Keep your PC running in peak condition with SiSoftware Sandra 2013

sisoftwareLet’s face it.  The economy really stinks.  With economic conditions so lousy, it’s not surprising that PC sales are down. The best way to save money from a computing standpoint is to keep your computer running well. One of the best ways is to have a good diagnostic program like SiSoftware Sandra 2013. It’s a diagnostic utility for Windows.

SiSoftware Sandra is a 32- and 64-bit Windows system analyzer.   It includes benchmarking, testing and listing modules. It tries to go beyond other utilities to show you more of what is really going on under the hood so you draw comparisons at both a high and low-level in a single product. You can get information about the CPU, GPGPU, chipset, video adapter (GPU), ports, printers, sound card, memory, network.  You can even get information on Windows, .NET and Java internal components installed on your machine.

SIS-01

SiSoftware Sandra has a great deal to offer.  The free version is good, but the paid versions offer more. The biggest problem it has is that it’s very technical, and most computer users, aren’t.  However, if you have a little bit of computer aptitude, you can learn a lot about your PC; and you can learn what to check when things start misbehaving.

If you can, create reports when things are running well.  When you begin having problems with your PC, you can use the “known good” information and compare it to the current, not so good information. It may help you figure out what’s broken.  However, you’re going to likely need to get smart about your PC’s components before you can take full advantage of the app.

download SiSoftware Sandra 2013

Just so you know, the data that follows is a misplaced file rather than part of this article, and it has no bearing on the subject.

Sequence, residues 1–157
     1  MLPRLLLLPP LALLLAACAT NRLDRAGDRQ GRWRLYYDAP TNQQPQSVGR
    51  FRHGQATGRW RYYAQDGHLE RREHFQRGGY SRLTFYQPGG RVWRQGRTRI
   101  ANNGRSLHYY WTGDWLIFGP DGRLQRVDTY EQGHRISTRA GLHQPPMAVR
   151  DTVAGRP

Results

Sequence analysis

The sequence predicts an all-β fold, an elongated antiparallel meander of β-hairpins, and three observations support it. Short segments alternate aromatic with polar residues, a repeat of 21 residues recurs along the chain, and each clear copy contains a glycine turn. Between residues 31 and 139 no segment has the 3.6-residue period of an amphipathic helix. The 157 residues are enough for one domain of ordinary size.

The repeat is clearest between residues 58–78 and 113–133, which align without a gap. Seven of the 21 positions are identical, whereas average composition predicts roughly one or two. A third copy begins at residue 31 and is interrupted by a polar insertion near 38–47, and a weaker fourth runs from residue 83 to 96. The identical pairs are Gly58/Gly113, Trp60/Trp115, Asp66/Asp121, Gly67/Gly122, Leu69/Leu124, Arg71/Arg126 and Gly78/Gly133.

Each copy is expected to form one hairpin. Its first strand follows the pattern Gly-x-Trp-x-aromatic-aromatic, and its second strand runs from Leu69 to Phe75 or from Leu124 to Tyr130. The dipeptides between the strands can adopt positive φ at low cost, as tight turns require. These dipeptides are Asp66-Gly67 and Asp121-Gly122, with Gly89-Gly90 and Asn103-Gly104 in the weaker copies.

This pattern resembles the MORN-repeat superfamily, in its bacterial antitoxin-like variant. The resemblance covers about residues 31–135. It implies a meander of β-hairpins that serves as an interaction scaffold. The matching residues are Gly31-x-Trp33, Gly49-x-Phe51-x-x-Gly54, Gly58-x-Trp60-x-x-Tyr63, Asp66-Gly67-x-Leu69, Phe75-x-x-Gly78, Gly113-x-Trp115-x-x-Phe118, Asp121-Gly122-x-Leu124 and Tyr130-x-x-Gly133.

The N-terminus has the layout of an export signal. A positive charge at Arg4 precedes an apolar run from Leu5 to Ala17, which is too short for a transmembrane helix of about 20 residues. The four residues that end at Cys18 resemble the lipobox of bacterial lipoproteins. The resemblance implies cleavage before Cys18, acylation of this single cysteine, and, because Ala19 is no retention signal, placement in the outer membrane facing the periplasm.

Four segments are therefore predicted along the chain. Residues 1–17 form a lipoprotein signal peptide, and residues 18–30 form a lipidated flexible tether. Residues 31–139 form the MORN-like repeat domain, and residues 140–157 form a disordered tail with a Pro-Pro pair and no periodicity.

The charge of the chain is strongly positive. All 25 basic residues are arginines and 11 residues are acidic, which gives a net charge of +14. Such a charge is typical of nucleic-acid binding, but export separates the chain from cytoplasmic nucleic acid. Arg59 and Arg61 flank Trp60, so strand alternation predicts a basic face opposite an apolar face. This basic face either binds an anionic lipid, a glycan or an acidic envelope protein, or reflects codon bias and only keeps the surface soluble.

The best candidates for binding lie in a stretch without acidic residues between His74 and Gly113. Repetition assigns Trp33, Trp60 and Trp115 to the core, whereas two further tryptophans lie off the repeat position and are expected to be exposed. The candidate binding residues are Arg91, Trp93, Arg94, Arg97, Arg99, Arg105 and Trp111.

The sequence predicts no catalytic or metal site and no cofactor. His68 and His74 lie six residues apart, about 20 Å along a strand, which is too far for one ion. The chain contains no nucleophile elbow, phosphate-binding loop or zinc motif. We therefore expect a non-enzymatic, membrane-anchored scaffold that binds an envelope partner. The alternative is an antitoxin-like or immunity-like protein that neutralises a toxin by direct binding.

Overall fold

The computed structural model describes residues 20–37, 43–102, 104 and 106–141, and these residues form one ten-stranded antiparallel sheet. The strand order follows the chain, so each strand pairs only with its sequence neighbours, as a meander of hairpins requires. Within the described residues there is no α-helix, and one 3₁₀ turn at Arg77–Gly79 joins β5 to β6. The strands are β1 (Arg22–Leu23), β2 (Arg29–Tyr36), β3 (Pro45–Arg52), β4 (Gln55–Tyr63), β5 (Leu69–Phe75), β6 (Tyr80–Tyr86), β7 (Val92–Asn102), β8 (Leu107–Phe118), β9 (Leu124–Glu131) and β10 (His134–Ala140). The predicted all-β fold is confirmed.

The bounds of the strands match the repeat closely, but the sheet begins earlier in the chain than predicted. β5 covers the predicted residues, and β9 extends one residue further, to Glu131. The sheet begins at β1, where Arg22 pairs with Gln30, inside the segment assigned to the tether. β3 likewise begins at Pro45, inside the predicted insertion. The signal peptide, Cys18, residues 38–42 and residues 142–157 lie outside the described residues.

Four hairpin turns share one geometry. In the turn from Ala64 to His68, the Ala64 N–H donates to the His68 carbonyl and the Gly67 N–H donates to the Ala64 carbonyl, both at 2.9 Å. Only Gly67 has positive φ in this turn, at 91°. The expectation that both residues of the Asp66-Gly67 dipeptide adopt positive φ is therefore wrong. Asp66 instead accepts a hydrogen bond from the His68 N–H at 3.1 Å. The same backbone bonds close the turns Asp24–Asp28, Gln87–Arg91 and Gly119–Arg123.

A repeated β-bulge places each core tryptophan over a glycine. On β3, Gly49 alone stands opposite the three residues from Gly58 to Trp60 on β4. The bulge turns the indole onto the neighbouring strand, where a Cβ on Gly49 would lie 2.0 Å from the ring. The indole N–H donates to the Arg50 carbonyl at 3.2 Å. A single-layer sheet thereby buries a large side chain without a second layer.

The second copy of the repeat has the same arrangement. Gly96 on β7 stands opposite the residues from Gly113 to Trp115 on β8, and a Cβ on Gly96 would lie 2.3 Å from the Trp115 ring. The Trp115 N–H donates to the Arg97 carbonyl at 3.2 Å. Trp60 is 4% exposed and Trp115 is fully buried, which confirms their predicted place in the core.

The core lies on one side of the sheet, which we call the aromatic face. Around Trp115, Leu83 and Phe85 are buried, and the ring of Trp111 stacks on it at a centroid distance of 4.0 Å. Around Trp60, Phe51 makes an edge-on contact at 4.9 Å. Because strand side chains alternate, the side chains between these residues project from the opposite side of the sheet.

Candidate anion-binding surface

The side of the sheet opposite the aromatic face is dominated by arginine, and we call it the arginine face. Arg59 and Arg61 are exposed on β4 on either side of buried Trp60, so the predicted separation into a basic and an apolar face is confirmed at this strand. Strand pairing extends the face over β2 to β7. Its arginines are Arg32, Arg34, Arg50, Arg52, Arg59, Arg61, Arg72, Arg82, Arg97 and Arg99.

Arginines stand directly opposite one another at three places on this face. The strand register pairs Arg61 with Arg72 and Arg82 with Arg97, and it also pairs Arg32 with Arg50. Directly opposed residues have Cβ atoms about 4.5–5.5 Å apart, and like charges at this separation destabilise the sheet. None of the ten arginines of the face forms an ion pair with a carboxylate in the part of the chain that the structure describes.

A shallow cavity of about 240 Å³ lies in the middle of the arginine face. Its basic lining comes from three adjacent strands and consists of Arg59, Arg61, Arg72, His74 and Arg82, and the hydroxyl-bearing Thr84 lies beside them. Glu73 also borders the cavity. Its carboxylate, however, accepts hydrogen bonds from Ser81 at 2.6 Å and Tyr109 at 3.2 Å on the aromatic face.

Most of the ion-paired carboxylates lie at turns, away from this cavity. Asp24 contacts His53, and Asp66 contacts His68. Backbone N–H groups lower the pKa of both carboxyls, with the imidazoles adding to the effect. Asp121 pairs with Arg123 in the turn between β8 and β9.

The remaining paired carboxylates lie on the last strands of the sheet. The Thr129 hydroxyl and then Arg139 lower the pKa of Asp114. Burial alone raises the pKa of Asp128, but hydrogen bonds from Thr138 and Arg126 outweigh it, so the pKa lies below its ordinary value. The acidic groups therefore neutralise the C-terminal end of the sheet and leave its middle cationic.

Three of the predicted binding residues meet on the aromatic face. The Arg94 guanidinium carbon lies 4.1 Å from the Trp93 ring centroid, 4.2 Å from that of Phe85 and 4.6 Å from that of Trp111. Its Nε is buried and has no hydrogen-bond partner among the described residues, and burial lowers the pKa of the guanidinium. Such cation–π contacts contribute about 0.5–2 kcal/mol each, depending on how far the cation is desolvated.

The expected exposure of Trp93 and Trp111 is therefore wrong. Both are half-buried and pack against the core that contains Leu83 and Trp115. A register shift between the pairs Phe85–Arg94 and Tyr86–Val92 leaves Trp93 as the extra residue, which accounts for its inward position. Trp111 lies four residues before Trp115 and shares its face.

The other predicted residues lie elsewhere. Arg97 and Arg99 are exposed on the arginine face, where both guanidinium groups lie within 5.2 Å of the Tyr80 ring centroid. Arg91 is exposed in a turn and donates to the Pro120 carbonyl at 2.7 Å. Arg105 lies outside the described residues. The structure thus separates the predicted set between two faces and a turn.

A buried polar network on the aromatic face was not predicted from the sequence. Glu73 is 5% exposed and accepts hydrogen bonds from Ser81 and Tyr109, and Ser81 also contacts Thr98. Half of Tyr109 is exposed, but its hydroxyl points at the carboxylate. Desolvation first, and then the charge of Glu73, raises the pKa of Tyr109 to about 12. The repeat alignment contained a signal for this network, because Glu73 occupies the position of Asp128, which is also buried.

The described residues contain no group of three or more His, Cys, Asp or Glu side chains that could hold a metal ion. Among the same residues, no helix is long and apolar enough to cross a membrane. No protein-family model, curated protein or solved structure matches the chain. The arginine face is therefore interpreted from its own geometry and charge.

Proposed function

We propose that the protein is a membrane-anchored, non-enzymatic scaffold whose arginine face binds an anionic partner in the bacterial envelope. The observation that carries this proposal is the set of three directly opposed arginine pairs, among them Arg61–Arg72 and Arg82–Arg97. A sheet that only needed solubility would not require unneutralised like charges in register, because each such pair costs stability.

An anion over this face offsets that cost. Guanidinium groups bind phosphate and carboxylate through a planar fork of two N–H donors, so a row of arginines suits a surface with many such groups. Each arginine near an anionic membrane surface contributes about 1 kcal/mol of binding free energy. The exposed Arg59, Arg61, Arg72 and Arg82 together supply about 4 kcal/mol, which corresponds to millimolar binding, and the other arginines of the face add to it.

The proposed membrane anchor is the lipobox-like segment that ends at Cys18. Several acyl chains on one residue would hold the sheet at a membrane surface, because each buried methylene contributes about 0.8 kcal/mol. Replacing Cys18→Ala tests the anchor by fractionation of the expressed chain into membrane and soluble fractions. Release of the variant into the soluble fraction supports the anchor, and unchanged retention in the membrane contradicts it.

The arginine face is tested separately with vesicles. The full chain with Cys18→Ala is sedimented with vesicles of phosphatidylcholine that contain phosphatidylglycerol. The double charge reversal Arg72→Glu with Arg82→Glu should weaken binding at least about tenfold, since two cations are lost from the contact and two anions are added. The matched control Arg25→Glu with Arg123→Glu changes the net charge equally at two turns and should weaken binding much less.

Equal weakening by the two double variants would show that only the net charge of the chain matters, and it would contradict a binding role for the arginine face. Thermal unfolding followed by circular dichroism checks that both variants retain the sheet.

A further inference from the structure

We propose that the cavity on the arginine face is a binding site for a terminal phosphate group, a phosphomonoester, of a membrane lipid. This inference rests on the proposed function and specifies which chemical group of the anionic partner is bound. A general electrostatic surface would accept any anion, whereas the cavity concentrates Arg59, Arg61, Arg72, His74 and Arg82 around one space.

Related Posts:

UPDATED – Apple Developer Website Hacked – #3

apppleApple Developers got a delightful update in the past couple of days. More of the site is back…

The Apple Developer Network status page has seen quite a bit of updates lately. In fact, Apple developers got a nice surprise over the weekend – much of the site’s resources are back, including software downloads.

That didn’t take too long, and I’m really pleased with the level of progress that Apple has made since putting the status page up.

While the Member Center is still offline, each of their three dev centers – Mac, iOS, and Safari – are back up and running. The latest released build of each related developer preview for OS X Mavericks, iOS 7 and Safari are available from each page. However, please note Mavericks, Developer Preview 4, released on 2013-07-22, still isn’t showing as available via the OS X Development Center. Currently, the most current release is Developer Preview 3, released on 2013-07-08. If you want Developer Preview 4, you’ll still need to download it via the Mac App Store after installing Developer Preview 3.